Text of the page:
• initial appointment cost
  • device cost
  • the cost of the procedures to both insert and remove. 

Even where a LARC is funded by PHARMAC, there may be a cost for the initial appointment and for insertion and subsequent removal. LARCs have a number of non-contraceptive benefits such as a reduction in menstrual bleeding and pain. They have high rates of satisfaction and 12-month continuation rates compared with the oral contraceptive pill.[2]

Map of New Zealand showing Family Planning clinic locations

Figure 1: Location of Family Planning clinics in New Zealand in 2018

There are two types of intra-uterine contraception available: the progestogen-releasing IUS Mirena and Jaydess, and the non-hormonal copper IUD. All copper IUDs are dispensed via practitioner’s supply order (PSO), whereas around 99 percent of IUS are dispensed to people with a known NHI. IUS and IUD provide protection for up to five years. Since November 2019, the Mirena IUS device has been available fully funded by PHARMAC. Prior to this, funded use via Special Authority was limited to women with heavy menstrual bleeding and a ferritin (iron) level below 16 mcg. Community use has increased approximately five-fold since the IUS device became funded.

Research has concluded that ‘system and clinical barriers impact on young Māori mothers’ access to timely contraception despite these women actively seeking contraception. The lack of integration and limited funding formulas in the Aotearoa New Zealand public funded system results in multiple missed opportunities to meet these young women’s needs for effective contraception.’[2]

Infographic outlining contraceptive atlas key findings

Contraceptive use by women: key findings 2018 (click to download full size (115KB, pdf))

In 2018, 0.6 percent of women (9,118) were dispensed a Jadelle implant

Jadelle implants are available through primary care or Family Planning clinics. This indicator includes data from community pharmacy dispensing and PSO from Family Planning. Our analysis suggests we are capturing most of the publicly funded provision in Aotearoa New Zealand in this time period. However, this may miss some dispensing, for example, Jadelle inserted postpartum (after giving birth).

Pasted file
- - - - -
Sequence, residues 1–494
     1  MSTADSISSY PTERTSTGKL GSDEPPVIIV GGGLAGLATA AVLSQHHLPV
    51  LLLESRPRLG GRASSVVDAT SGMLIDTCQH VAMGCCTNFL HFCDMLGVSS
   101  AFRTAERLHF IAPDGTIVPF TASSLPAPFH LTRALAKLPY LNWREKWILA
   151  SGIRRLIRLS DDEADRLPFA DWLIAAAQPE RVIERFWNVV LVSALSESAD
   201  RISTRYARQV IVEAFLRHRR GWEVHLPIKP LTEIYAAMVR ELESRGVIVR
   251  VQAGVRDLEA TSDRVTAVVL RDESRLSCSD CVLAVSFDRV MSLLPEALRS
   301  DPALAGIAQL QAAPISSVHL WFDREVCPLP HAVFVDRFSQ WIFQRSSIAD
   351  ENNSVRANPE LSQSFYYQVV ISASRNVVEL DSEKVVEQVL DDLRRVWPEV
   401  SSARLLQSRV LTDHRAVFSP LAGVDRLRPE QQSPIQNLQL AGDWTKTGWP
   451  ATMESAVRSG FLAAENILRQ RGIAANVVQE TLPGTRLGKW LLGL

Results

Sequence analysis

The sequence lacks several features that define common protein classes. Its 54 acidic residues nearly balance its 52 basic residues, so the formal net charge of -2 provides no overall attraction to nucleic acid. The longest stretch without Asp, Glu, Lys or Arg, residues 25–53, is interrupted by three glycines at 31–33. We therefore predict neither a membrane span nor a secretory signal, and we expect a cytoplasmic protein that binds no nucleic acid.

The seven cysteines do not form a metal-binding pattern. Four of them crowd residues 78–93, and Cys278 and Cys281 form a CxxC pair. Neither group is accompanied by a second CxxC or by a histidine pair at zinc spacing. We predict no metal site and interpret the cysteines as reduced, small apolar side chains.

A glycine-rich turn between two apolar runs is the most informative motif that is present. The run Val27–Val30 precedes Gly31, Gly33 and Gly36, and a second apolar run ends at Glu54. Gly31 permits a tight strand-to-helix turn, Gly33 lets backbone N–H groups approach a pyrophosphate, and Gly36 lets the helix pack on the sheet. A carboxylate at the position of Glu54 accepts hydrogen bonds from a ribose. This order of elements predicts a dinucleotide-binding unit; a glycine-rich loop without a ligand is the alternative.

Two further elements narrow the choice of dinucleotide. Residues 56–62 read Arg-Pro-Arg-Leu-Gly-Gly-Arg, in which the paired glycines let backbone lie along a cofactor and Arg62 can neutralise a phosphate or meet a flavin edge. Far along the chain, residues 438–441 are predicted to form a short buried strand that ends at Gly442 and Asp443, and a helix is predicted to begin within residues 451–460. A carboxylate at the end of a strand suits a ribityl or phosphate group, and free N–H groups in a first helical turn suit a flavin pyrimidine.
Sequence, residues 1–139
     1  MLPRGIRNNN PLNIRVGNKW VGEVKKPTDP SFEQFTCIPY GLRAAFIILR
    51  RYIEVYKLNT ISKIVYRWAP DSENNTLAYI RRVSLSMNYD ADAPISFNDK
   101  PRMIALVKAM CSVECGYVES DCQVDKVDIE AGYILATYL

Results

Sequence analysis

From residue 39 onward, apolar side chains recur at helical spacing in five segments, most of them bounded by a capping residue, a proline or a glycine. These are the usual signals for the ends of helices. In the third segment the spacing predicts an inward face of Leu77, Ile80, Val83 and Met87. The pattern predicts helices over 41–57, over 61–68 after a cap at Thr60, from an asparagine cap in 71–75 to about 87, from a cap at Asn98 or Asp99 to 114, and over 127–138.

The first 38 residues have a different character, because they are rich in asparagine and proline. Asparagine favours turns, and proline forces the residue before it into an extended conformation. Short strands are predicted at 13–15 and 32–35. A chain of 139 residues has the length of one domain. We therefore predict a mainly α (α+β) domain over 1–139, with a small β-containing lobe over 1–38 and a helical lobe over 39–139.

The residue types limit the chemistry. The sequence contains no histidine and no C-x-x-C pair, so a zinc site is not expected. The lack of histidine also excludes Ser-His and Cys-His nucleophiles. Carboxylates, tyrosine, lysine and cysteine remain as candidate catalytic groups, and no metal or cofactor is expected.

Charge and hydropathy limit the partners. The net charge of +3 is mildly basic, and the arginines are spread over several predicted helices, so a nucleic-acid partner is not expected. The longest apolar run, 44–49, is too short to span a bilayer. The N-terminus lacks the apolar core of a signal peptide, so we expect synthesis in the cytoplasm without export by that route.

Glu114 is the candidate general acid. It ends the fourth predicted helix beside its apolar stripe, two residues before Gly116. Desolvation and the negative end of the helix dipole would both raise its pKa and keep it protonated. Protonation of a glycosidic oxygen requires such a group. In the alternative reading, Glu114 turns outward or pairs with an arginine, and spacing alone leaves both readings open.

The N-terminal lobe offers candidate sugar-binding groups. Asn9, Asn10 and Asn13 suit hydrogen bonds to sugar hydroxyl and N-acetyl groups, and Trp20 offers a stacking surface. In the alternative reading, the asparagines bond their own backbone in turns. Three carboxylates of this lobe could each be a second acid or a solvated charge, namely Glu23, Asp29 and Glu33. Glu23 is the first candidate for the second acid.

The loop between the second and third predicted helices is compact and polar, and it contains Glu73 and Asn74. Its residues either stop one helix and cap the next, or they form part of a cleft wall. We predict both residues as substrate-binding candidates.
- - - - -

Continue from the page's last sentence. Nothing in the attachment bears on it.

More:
• Rates in Māori and Pacific women were almost double those of non-Māori, non-Pacific women.
  • There was 2.8-fold variation between DHBs in rates. DHBs with Family Planning clinics[3] tended to have higher rates.
  • The map on the right shows the physical location of Family Planning clinics. This highlights that access can be an issue even in DHBs with the service.
In 2018, 0.4 percent of women aged 10–54 years were dispensed an IUS
  • Use was highest in women aged 40–49 years, at 0.6 percent, and lowest in those aged 10–19 years (0.1 percent).
  • Pacific and Asian women were less likely to be dispensed an IUS than Māori or European/Other women.
  • Rates varied up to three-fold by DHB, from 0.2 percent to 0.6 percent of women aged 15–49 years.
Publicly funded female sterilisation was provided to 0.29 percent women aged 25–44 years in 2018

Female sterilisation is intended to provide permanent contraception.

  • Rates were highest in those aged 35–39 years.
  • Rates in Māori and Pacific women were significantly higher than Asian and European/Other women. It is possible that, if private procedures were included, rates would be higher in non-Māori, non-Pacific women.
  • Age was limited to 25–44 years to remove women who may be undergoing female sterilisation for a reason other than contraception.
  • Rates varied six-fold between DHBs from 0.13 percent to 0.84 percent.
Of women aged 10–54 years, 15 percent were dispensed an oral contraceptive in 2018
  • Rates were highest in those aged 20–24 years at 30 percent.